Thursday, January 23, 2014

5 Lessons Learned: Aging Wine

Hopefully that last Bordeaux review made a compelling argument for aging wine - something I am asked about a lot.  Why?  Because people are drawn to age wine by the same same allure as that of the stock market; they believe in the prospect of improvement over time.  But in many regards, aging wine is as fraught with as much risk as the stock market.

Assuming that 'wine improves with age' was a steadfast rule, as a twenty-something I began stocking up on all sorts of wines from vintages dating back into the mid-80s.  Then, what had innocently started as a small stash of of bottles grew into an obsessive collection, fueled by trips to winegrowing regions from Washington to Tuscany to remote California.  By the time Y2K came around, I realized that my rate of acquisition was outpacing consumption at an alarming (and fiscally irresponsible) ratio.  If I didn't reverse inventory growth, my wine would outlive me.  It was time to raid the cellar.

What should have been a hedonistic pursuit devilishly turned into a buzz-killing (but valuable) lesson in aging wine.  Why?  Because a large percentage of the bottles I had been holding onto were over the hill - and I mean way over the hill. 

Here's what I've learned since then:
  1. Most wine does not improve with age.  Unfortunately, there's no simple rule like 'Cabernets age well.'  Sure, some do, but, again, most don't.  And a lot of wines' virtues lie in their vibrancy, which can fade quickly over time.  That said, some wines seem to age much better than others.  German Riesling, for example, is almost categorically age-worthy.  Bordeaux, too.  Vintage Port - in fact most fortified wines - will age well, too.  There are so many factors at play that determine a wine's longevity, only some of which are dictated by the grape variety, but the primary indicators of ageworthiness are a good balance of fruit and acidity without too high an alcohol level.  So, how was that inexpensive 1994 Montepulciano back in 2000?  Positively awful.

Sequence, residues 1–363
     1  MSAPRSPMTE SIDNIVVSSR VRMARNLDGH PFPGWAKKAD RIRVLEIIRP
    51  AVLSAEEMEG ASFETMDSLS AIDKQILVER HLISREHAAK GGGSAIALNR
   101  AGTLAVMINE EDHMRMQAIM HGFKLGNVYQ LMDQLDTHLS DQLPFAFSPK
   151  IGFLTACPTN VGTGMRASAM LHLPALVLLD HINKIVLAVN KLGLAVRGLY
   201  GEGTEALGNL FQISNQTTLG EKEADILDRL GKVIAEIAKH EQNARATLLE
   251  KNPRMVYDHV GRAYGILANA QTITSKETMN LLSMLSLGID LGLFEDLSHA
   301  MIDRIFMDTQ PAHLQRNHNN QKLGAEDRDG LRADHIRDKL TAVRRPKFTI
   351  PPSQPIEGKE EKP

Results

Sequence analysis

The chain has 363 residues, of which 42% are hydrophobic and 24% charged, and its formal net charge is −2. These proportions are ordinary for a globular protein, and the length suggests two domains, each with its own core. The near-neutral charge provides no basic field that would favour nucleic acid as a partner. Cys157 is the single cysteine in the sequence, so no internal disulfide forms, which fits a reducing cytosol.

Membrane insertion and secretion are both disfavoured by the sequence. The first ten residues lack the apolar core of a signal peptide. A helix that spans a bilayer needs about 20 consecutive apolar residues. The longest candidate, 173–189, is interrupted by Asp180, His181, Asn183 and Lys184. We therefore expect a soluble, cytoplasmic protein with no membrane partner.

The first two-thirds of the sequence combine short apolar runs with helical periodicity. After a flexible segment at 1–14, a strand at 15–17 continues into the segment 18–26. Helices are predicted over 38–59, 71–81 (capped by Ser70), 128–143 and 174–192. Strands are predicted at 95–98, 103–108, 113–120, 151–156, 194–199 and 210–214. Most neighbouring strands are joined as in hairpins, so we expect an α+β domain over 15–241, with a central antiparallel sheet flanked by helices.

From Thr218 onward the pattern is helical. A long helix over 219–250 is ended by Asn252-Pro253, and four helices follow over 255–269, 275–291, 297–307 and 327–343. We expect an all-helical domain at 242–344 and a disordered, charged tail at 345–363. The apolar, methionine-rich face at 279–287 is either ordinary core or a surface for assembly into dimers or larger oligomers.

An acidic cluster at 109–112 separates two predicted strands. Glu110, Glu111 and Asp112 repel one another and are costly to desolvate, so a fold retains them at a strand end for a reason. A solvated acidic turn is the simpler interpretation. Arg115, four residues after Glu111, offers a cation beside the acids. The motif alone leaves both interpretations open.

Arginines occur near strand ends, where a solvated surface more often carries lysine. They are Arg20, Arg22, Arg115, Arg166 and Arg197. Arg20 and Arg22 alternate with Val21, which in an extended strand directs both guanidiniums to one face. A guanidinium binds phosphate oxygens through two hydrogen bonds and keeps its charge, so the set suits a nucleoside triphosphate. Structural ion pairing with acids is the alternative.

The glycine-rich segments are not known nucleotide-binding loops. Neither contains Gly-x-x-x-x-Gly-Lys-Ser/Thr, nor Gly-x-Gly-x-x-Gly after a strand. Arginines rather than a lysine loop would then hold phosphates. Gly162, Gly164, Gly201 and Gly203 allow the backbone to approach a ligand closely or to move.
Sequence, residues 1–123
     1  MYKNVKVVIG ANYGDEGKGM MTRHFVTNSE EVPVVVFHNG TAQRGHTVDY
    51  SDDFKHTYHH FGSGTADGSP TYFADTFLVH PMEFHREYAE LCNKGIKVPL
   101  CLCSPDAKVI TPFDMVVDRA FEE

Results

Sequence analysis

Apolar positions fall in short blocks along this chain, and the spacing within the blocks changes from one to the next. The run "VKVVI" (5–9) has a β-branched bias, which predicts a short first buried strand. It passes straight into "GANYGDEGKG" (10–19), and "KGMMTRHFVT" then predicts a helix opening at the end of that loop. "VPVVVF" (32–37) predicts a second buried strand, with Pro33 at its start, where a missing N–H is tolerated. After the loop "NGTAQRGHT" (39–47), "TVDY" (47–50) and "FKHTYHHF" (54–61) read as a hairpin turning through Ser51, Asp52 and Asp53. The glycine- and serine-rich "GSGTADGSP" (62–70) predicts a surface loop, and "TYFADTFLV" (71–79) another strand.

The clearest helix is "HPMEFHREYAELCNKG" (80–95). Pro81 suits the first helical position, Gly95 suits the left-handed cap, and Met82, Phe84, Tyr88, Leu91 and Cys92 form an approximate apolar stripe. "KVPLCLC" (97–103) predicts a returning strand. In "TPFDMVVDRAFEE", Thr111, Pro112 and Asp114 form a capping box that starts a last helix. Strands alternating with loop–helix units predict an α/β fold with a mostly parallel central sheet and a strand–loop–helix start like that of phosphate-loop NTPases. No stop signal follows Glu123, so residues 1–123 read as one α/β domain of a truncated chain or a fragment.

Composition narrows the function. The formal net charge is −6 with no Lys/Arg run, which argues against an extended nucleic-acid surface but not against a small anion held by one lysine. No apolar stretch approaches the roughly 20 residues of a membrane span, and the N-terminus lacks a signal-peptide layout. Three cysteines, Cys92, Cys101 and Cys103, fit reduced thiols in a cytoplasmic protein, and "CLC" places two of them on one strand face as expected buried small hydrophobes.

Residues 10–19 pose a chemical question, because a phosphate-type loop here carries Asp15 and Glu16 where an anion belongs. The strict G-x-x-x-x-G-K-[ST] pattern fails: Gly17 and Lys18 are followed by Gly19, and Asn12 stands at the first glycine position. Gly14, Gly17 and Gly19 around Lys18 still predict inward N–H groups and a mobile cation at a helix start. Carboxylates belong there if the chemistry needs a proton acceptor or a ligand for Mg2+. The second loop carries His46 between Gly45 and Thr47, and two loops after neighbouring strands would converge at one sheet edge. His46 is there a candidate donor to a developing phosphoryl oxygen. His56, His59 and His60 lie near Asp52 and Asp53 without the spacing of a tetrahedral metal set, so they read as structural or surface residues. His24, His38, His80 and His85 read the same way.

2. Temperature matters.  As an age-worthy bottle ages, acids deplete sugars resulting in complex layers of flavors and desireable textures.  This is, in essence, an organic chemical reaction.  Introducing heat to any chemical reaction invariably alters the outcome.  So, wine subjected to heat spikes - even for very brief periods (hours) - can wither and burn.  And if you're holding on to wine for longer than a year, average temperatures above 70 can diminish the freshness of a wine's fruit making it taste dull.  Cellaring for longer?  Then you should consider investing in climate control.  Last year I had the chance to drink a properly stored 1982 Bordeaux - at 31 years old it hummed with youthful vigor and gleamed like liquid rubies. 
  3. Age it yourself.  Particularly for impatient people like myself it's awfully tempting to snatch up older vintages collecting dust on shelves or at auction.  But know that the buyer assumes all risks - of which there are plenty.  Unless you're buying at Christies auction house (and dropping large coin), the provenance of any wine is really a crap shoot.  A few years ago I succumbed to this temptation and bought a bunch of 1999 Napa Cabernets on Winebid at a hell of a discount.  Now I know why they were so cheap.  Vinegar, anyone?
  4. Sell on the upswing.  Like stocks, holding onto a wine for too long is to let the passage of time cross the point of diminishing returns.  How long is too long?  Every wine is different - and some wines will reach peak drinking after just a few years in bottle.  Cellartracker stores drinkers' experiences with millions of wines, sorted by date.  I use this incredible community resource before buying any wine that I am unfamiliar with or that's older than 5 years.  What I really should do is look up what I've got in the cellar to see what's at risk of fizzling.
  5. If you can, get more.  This is a tough ask for the budget-conscious, but when you find a wine that you like and that you think will age well, try to get a handful of bottles.  Two reasons for this: I've often opened aged wines only to find that they still had a longways to go before reaching maturity - like picking a juicy tomato off the vine before it's ripe.  If you've only got one bottle, that's it - you won't have a chance to see what it's like in a few years.  Second, a lot of wines drink well along a curve of maturity.  As a friend once said of a young Gigondas, "That's the kind of wine you get a six pack of, forget about for five years, then open a bottle a year after that.  It'll be like catching up with an old friend once a year  It's still the same friend, but you're getting older and more interesting together."
Finally, when in doubt as to opening a wine or keeping it longer, always err on the side of caution and open it now.  After calling me to come over, that is.

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